EU Envoy Ugo Astuto speaks to WION about India-EU ties Photograph:( WION )
India has been leading by supporting the rest of the world since the outset of the emergency by exporting medicines and vaccines
Calling India-EU Leadership summit of May 8 a "turning point" in ties, the European Union's envoy to India, Ugo Astuto, said, "We want to work together so that we can shape the global agenda".
This is the second time this format of one world leader and all 27 EU member states meet happened. The first was with US President Joe Biden in March this year.
Speaking to WION's Sidhant Sibal, envoy Astuto spoke about the connectivity partnership, a key outcome of the summit saying, "connectivity" should be "grounded in principles such as sustainability... transparency."
The other key outcome of the summit was that both sides decided to resume talks on India-EU free trade agreement.
On Indo-Pacific, the envoy said the bloc's strategy is "close to the Indian vision" and "India is clearly a key player" in the region.
In April, the European Council approved conclusions on the EU's Indo-Pacific strategy.
He also spoke on the EU's assistance to India amid the covid crisis, with flights from Finland, Germany, Greece, Netherlands, Slovenia, Portugal, Malta expected to come to India soon.
WION: According to you, what is the key outcome of the India-EU leadership summit and how will it increase the ties at a time the world is changing fast?
Ugo Astuto: It has been an extremely successful meeting. It has been described as a turning point and a historic meeting. I think it's a fair assessment. What we have seen is a clear indication — the intention of both sides to work for change in our strategic partnership. The meeting has taken place against the backdrop of this major crisis of covid. So, what emerged is a clear message of solidarity from the EU and its member states vis-a-vis India in difficult times. There is an understanding that as an international community we all need to work together if we want to address the emergency.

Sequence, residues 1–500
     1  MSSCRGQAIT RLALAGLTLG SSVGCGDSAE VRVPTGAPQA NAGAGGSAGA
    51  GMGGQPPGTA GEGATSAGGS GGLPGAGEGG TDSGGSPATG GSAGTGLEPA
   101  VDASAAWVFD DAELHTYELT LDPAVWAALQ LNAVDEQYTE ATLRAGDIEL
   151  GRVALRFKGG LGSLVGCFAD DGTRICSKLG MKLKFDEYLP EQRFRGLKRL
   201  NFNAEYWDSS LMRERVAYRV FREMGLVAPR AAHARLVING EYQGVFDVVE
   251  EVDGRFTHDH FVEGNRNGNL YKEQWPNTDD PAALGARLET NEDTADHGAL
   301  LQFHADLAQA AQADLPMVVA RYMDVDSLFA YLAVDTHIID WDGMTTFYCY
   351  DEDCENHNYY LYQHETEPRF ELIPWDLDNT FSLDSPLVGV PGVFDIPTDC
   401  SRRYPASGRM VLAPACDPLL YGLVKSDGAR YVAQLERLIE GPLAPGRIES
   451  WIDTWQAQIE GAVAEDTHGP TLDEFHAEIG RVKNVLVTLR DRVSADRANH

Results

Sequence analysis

India has been leading by supporting the rest of the world since the outset of the emergency by exporting medicines and vaccines. We are trying to help India as much as we can and that is why we have set up this operation within the civil protection mechanism. So, a strong message of solidarity and intention to bring the world together to overcome this crisis and then a number of very concrete outcomes. We also took a decision to resume negotiations on the free trade agreement, on investment agreement and on a geographical indication agreement.
We have set the ground for a broad and ambitious economic agenda. We have also established a working group to deal with very topical issues such as reforms in WTO, resilient supply chain, and we want to discuss market access issues. We have agreed on a connectivity partnership which, I believe, is an important platform grounded in our common belief in a rules-based system of international governance, cooperative approach to international relations.
There was a clear message from the meeting that we want to work together in addressing global challenges such as climate change, the loss of biodiversity and digital transition. The twin priorities of the greening of our economies and digital transition — these are priorities that are shared by the EU and India. We want to work together so that we can shape the global agenda in a way that is conducive to the pursuit of global common goods. These are some highlights and a number of issues that came up
WION: In terms of FTA, the resumption of talks has been since it has been announced. What next? Are we looking at some timeline, when it can be concluded?
Ugo Astuto: These are complex negotiations but what we have taken is the decision to resume the talks, the formal negotiations, and at the last summit in 2020, we had a high-level dialogue chaired by minister Goyal from the Indian side, on the European side by the executive vice president. This dialogue has proved to be very effective. The positive outcome at the summit was also driven by the good work done at the political level and working level. So we want to continue to use this dialogue, a structured mechanism put in place since last year.